• Abstract: This paper suggests how the targeting efficiency of government programmes may be better assessed. Using the 'pro-poor policy' (PPP) index developed by authors, the study investigates the pro-poorness of not only government programmes geared to the poorest segment of the population, but also basic service delivery in education, health and infrastructure. This paper also shows that the targeting efficiency for a particular socioeconomic group should be judged on the basis of a 'total-group PPP index', to capture the impact of operating a programme within the group. Using micro-unit data from household surveys, the paper presents a comparative analysis for Thailand, Russia, Vietnam and 15 African countries.
  • Topic: International Relations, Economics, Government, Poverty
  • Political Geography: Africa, Russia, Vietnam, Thailand
  • Author: Gerald Epstein
  • Publication Date: 05-2006
  • Content Type: Working Paper
  • Institution: United Nations University
  • Abstract: In the last two decades, there has been a global sea change in the theory and practice of central banking. The currently dominant 'best practice' approach to central banking consists of the following: (1) central bank independence (2) a focus on inflation fighting (including adopting formal 'inflation targeting') and (3) the use of indirect methods of monetary policy (that is, short-term interest rates as opposed to direct methods such as credit ceilings). This paper argues that this neo-liberal approach to central banking is highly idiosyncratic in that, as a package, it is dramatically different from the historically dominant theory and practice of central banking, not only in the developing world, but, notably, in the now developed countries themselves. Throughout the early and recent history of central banking in the US, England, Europe, and elsewhere, financing governments, managing exchange rates, and supporting economic sectors by using 'direct methods' of intervention have been among the most important tasks of central banking and, indeed, in many cases, were among the reasons for their existence. The neo-liberal central bank policy package, then, is drastically out of step with the history and dominant practice of central banking throughout most of its history.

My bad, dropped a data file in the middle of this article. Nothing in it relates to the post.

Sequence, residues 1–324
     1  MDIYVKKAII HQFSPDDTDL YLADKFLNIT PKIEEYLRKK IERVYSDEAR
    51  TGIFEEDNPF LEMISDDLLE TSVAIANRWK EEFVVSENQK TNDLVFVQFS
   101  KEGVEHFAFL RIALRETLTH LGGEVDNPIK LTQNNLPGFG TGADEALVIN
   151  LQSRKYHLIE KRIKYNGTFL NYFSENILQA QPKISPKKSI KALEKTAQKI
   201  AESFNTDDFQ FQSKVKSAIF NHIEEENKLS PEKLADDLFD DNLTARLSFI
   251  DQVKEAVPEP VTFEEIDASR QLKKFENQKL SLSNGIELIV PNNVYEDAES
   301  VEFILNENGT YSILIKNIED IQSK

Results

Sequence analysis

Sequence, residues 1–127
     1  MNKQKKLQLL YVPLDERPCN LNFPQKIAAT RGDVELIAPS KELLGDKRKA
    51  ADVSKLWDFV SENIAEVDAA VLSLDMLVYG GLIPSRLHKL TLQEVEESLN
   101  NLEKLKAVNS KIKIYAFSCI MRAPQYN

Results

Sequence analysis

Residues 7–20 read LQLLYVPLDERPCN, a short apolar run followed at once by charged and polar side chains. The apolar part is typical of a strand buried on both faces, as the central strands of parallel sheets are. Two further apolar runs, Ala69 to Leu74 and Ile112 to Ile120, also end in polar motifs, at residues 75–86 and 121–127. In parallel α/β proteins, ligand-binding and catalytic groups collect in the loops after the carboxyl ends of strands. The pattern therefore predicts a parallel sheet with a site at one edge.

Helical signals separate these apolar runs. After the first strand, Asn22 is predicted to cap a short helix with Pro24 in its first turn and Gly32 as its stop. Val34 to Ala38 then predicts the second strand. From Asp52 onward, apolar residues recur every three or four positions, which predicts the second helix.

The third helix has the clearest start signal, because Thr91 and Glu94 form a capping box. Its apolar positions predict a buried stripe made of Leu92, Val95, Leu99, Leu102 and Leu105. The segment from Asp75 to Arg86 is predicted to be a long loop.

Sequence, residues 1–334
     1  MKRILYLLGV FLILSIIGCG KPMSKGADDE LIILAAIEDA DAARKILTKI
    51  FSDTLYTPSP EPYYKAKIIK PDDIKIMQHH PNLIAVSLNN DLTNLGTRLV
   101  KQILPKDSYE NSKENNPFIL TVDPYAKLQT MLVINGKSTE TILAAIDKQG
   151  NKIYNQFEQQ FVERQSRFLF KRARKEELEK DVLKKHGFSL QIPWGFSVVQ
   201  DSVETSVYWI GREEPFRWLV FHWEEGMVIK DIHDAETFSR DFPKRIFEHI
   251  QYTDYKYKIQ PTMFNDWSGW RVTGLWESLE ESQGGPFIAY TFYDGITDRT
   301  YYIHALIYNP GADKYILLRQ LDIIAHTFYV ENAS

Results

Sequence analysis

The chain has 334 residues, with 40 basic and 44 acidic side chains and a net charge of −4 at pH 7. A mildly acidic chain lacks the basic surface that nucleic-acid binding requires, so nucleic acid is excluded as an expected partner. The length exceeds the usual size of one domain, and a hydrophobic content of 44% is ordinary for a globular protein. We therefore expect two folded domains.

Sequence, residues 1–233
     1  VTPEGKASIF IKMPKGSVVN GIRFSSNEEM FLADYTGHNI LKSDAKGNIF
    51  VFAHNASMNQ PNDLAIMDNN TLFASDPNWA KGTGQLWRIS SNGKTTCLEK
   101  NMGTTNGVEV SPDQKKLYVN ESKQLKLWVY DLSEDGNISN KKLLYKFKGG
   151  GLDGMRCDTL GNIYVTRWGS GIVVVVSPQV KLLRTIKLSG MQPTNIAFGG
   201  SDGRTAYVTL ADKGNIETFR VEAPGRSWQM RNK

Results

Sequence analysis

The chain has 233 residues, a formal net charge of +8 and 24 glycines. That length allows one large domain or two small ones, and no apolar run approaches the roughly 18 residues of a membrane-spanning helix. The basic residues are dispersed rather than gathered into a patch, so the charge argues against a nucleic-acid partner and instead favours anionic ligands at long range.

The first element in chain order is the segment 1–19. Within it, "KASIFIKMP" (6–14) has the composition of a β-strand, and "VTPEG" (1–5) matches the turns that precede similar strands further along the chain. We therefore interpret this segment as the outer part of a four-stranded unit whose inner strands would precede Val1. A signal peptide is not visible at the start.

• Topic: Development, Economics
  • Political Geography: United States, Europe, England
  • Author: Meredith Woo-Cumings
  • Publication Date: 05-2006
  • Content Type: Working Paper
  • Institution: United Nations University
  • Abstract: This paper examines the literature on the rule of law and economic development, and in particular the influential argument by La Porta et al., on the superiority of the Anglo-American common law system in fostering financial development. In this paper I show that however compelling their argument might be, legal traditions and institutions do not determine the nature of the state, nor its likely role in the economy—nor do they critically determine the course of economic development. I build my case by examining the real and informal mechanisms of state intervention in the economy in East Asia.
  • Topic: Development, Economics, International Law
  • Political Geography: America, Israel, East Asia
  • Author: Joseph Toye, John Toye
  • Publication Date: 05-2006
  • Content Type: Working Paper
  • Institution: United Nations University
  • Abstract: Max Weber believed that bureaucracy could be understood by analysing its ideal-typical characteristics, and that these characteristics would become more pervasive as the modern age advanced. Weber's horizontal account of bureaucracy can be criticised on various grounds, including its unrealistic notion of bureaucratic rationality. An alternative view is proposed, namely, that the development of state bureaucracies is driven by the trajectory of the highpower politics in which they are nested.